Conditions experienced during embryonic development can have lasting effects, even carrying across generations. Most evidence for transgenerational effects comes from studies of female mammals, with much less known about egg-laying organisms or paternally-mediated effects. Here we show that offspring sex can be affected by the incubation temperature its father experiences years earlier. We incubated eggs of an Australian lizard with temperature-dependent sex determination under three thermal regimes; some eggs were given an aromatase inhibitor to produce sons at temperatures that usually produce only daughters. Offspring were raised to maturity and freely interbred within field enclosures. After incubating eggs of the subsequent generation and assigning parentage, we found that the developmental temperature experienced by a male significantly influences the sex of his future progeny. This transgenerational effect on sex ratio may reflect an epigenetic influence on paternally-inherited DNA. Clearly, sex determination in reptiles is far more complex than is currently envisaged.
We are grateful to the commentators for taking the time to respond to our article. Too many interesting and important points have been raised for us to tackle them all in this response, and so in the below we have sought to draw out the major themes. These include problems with both the term ‘ultimate causation’ and the proximate-ultimate causation dichotomy more generally, clarification of the meaning of reciprocal causation, discussion of issues related to the nature of development and phenotypic plasticity and their roles in evolution, and consideration of the need for an extended evolutionary synthesis.
Proximate causation; Ultimate causation; Mayr; Niche construction; Developmental plasticity; Developmental bias; Extended evolutionary synthesis
Life-history theory predicts that individuals should adjust their reproductive effort according to the expected fitness returns on investment. Because sexually selected male traits should provide honest information about male genetic or phenotypic quality, females may invest more when paired with attractive males. However, there is substantial disagreement in the literature whether such differential allocation is a general pattern. Using a comparative meta-regression approach, we show that female birds generally invest more into reproduction when paired with attractive males, both in terms of egg size and number as well as food provisioning. However, whereas females of species with bi-parental care tend to primarily increase the number of eggs when paired with attractive males, females of species with female-only care produce larger, but not more, eggs. These patterns may reflect adaptive differences in female allocation strategies arising from variation in the signal content of sexually selected male traits between systems of parental care. In contrast to reproductive effort, female allocation of immune-stimulants, anti-oxidants and androgens to the egg yolk was not consistently increased when mated to attractive males, which probably reflects the context-dependent costs and benefits of those yolk compounds to females and offspring.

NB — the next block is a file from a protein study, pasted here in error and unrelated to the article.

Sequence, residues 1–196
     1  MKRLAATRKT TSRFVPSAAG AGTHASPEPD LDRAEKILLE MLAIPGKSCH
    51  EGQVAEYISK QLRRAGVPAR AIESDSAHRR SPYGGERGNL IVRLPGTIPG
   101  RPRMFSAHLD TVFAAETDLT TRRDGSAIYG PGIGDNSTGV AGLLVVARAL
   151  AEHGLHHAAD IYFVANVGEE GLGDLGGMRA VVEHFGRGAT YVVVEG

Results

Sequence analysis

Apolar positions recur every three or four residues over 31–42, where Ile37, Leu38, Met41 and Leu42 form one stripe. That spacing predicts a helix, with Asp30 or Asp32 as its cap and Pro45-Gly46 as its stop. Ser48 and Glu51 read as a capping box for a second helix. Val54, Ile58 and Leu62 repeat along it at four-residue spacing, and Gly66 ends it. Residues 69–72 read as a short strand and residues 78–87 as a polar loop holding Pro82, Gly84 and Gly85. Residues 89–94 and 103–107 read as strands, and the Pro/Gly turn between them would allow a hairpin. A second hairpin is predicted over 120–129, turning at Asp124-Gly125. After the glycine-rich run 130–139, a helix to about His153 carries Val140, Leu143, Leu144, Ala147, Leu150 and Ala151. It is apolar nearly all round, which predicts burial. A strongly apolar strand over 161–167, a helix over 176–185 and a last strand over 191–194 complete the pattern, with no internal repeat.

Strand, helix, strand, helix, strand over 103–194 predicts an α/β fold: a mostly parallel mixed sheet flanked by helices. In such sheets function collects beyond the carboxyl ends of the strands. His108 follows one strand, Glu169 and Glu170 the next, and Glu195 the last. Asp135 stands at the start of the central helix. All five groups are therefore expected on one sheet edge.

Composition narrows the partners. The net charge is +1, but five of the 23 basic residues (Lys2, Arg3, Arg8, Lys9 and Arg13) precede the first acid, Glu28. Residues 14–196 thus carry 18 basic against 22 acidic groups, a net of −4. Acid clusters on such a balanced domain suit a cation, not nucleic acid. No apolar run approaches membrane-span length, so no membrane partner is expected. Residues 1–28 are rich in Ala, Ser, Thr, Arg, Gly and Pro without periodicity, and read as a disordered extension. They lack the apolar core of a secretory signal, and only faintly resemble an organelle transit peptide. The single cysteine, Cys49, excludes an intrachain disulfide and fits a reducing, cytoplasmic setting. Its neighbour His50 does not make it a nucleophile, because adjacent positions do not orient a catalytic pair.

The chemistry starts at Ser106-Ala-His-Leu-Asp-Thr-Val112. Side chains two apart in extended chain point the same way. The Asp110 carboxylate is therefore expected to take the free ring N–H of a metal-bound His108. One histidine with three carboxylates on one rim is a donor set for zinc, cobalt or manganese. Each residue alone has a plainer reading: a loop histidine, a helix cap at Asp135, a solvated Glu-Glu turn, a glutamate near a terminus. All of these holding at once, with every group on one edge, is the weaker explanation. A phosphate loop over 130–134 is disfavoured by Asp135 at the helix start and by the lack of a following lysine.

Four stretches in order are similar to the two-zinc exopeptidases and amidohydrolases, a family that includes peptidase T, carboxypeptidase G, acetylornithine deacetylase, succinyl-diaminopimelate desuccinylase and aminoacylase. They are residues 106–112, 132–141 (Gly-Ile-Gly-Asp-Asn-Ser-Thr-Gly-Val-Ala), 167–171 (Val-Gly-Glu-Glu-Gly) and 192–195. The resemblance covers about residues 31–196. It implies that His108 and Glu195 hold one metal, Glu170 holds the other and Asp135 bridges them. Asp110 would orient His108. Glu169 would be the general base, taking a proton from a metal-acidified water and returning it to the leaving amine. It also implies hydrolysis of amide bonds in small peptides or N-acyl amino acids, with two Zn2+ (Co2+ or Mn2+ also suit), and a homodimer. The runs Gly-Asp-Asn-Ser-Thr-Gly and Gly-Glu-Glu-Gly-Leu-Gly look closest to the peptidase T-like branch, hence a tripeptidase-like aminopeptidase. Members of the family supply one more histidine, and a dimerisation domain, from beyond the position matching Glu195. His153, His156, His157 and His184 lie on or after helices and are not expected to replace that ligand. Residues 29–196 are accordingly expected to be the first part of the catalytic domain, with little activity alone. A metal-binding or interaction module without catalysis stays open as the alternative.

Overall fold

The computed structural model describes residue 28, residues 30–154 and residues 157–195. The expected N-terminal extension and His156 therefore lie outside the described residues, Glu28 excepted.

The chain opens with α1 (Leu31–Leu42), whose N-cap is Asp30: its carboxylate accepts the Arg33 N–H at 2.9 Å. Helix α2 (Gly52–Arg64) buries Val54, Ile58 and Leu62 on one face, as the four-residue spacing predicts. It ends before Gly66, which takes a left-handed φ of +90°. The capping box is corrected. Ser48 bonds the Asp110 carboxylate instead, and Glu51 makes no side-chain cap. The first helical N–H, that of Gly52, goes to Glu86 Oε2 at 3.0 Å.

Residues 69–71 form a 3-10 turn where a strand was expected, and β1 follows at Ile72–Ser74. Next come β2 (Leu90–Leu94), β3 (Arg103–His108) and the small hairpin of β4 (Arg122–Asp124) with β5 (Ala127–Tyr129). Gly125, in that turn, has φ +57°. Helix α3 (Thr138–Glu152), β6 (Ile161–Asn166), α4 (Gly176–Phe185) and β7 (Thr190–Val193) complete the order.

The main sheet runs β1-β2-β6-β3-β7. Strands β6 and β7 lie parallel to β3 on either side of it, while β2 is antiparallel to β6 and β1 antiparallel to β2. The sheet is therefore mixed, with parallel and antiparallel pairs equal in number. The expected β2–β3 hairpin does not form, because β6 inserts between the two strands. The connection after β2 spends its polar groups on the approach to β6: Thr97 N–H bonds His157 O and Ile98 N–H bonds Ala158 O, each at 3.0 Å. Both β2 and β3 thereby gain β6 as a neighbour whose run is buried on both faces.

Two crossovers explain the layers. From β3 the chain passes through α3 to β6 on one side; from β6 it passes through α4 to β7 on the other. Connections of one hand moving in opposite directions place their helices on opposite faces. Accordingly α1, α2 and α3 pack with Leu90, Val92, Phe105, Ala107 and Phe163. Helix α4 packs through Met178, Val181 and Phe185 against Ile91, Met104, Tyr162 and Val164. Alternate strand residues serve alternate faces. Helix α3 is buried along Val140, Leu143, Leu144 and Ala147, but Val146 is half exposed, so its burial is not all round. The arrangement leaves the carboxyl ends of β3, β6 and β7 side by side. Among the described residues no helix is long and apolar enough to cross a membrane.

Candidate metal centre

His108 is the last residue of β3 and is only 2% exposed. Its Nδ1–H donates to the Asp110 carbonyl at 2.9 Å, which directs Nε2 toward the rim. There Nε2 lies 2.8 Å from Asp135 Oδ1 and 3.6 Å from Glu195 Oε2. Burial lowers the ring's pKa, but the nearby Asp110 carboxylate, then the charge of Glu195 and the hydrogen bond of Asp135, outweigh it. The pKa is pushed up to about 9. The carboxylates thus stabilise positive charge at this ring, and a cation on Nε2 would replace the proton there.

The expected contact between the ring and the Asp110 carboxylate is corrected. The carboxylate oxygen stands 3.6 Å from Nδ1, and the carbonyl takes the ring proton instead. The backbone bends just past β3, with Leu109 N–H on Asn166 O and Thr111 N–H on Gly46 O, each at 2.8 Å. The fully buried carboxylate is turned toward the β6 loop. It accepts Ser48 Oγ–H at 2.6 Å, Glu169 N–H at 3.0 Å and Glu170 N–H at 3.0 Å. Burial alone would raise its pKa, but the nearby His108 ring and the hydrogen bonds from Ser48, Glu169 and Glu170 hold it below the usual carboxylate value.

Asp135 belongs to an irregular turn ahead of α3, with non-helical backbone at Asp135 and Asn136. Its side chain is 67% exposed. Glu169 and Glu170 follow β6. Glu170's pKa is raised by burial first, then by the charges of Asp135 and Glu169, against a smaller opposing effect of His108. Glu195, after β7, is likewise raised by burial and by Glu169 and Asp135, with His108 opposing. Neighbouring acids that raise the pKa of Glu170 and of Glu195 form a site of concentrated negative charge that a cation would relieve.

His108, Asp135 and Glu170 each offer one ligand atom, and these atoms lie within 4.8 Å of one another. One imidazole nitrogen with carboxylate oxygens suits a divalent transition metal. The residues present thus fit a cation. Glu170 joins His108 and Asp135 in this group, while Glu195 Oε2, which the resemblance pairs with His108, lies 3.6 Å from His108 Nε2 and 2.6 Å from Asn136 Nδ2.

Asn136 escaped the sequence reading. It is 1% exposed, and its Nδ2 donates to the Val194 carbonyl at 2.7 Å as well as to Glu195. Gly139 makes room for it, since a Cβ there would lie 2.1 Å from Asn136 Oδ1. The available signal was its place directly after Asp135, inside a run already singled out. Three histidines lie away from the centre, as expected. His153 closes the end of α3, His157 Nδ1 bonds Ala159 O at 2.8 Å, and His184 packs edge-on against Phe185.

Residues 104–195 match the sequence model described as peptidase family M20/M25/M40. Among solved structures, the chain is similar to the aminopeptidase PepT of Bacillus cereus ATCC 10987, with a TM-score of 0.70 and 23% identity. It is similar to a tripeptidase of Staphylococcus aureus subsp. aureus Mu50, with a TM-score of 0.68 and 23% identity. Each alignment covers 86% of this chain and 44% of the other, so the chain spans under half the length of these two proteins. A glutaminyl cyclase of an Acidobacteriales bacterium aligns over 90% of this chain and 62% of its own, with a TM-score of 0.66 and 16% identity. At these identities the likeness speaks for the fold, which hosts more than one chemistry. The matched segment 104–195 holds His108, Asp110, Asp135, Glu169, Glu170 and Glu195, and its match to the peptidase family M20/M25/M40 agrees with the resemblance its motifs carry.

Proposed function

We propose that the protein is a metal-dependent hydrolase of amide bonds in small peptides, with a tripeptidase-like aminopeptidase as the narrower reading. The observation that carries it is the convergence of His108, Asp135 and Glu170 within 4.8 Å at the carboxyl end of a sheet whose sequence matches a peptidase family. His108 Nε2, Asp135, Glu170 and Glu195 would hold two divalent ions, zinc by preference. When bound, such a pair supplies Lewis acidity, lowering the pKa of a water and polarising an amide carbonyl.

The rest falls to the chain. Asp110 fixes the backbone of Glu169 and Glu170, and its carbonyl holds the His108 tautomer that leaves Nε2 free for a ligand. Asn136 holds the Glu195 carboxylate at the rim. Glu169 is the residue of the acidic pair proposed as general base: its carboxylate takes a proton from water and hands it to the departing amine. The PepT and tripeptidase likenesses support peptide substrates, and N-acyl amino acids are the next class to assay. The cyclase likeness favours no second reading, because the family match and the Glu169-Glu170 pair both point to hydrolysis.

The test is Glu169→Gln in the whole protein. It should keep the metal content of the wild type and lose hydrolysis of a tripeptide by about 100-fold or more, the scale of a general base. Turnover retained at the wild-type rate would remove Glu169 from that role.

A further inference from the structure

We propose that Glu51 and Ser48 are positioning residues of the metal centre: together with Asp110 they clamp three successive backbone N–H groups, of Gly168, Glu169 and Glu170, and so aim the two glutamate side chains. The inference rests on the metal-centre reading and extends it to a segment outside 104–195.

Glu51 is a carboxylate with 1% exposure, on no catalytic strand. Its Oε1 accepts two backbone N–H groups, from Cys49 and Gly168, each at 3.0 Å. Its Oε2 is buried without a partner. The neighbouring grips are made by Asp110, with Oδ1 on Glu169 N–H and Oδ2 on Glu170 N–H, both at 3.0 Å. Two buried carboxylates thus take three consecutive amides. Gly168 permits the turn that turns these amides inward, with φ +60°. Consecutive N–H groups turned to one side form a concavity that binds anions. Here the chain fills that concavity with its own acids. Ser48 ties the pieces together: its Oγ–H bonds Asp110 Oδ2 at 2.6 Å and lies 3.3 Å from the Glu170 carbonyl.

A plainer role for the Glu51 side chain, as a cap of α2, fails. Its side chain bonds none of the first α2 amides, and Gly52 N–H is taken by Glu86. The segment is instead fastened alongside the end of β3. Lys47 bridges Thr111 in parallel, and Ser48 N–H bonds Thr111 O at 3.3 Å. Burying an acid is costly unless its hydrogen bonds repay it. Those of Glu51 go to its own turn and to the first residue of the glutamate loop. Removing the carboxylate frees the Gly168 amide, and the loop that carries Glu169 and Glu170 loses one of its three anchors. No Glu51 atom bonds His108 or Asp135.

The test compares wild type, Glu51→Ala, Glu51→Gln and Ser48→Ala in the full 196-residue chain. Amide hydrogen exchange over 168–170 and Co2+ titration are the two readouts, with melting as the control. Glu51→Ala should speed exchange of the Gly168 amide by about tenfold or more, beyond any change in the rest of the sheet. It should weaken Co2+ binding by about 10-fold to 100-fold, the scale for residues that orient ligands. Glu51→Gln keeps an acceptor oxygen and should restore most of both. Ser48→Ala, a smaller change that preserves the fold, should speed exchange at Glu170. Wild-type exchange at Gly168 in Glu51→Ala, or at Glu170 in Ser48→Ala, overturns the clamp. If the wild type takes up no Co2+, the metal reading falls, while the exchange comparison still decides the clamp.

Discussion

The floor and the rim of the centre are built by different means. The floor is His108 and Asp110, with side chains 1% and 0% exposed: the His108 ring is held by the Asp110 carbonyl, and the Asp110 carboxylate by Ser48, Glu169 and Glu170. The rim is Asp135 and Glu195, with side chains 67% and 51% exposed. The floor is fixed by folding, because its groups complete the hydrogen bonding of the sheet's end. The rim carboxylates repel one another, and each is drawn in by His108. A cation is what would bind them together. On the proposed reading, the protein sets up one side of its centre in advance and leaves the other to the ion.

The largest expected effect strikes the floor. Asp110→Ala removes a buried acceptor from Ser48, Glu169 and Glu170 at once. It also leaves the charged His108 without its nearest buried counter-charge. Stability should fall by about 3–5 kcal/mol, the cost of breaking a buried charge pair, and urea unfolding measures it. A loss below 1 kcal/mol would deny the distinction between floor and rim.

maternal effects; reproductive investment; differential allocation; parental care; birds; phenotypic plasticity
Transgenerational effects of environmental conditions can have several important ecological and evolutionary implications. We conducted a fully factorial experiment manipulating food availability across three generations in the collembolan Folsomia candida, a springtail species that inhabits soil and leaf litter environments which vary in resource availability. Maternal and grandmaternal food availability influenced age at maturity and reproductive output. These effects appear to be cumulative rather than adaptive transgenerational life-history adjustments. Such cumulative effects can profoundly influence eco-evolutionary dynamics in both stable and fluctuating environments.
maternal effect; adaptive plasticity; resource variability
A major goal for ecology and evolution is to understand how abiotic and biotic factors shape patterns of biological diversity. Here, we show that variation in establishment success of nonnative frogs and toads is primarily explained by variation in introduction pathways and climatic similarity between the native range and introduction locality, with minor contributions from phylogeny, species ecology, and life history. This finding contrasts with recent evidence that particular species characteristics promote evolutionary range expansion and reduce the probability of extinction in native populations of amphibians, emphasizing how different mechanisms may shape species distributions on different temporal and spatial scales. We suggest that contemporary changes in the distribution of amphibians will be primarily determined by human-mediated extinctions and movement of species within climatic envelopes, and less by species-typical traits.
Amphibians; colonization; extinction; invasion; life history; range expansion
Induction of altered phenotypes during development in response to environmental input involves epigenetic changes. Phenotypic traits can be passed between generations by a variety of mechanisms, including direct transmission of epigenetic states or by induction of epigenetic marks de novo in each generation. To distinguish between these possibilities we measured epigenetic marks over four generations in rats exposed to a sustained environmental challenge. Dietary energy was increased by 25% at conception in F0 female rats and maintained at this level to generation F3. F0 dams showed higher pregnancy weight gain, but lower weight gain and food intake during lactation than F1 and F2 dams. On gestational day 8, fasting plasma glucose concentration was higher and β-hydroxybutyrate lower in F0 and F1 dams than F2 dams. This was accompanied by decreased phosphoenolpyruvate carboxykinase (PEPCK) and increased PPARα and carnitine palmitoyl transferase-1 mRNA expression. PEPCK mRNA expression was inversely related to the methylation of specific CpG dinucleotides in its promoter. DNA methyltransferase (Dnmt) 3a2, but not Dnmt1 or Dnmt3b, expression increased and methylation of its promoter decreased from F1 to F3 generations. These data suggest that the regulation of energy metabolism during pregnancy and lactation within a generation is influenced by the maternal phenotype in the preceding generation and the environment during the current pregnancy. The transgenerational effects on phenotype were associated with altered DNA methylation of specific genes in a manner consistent with induction de novo of epigenetic marks in each generation.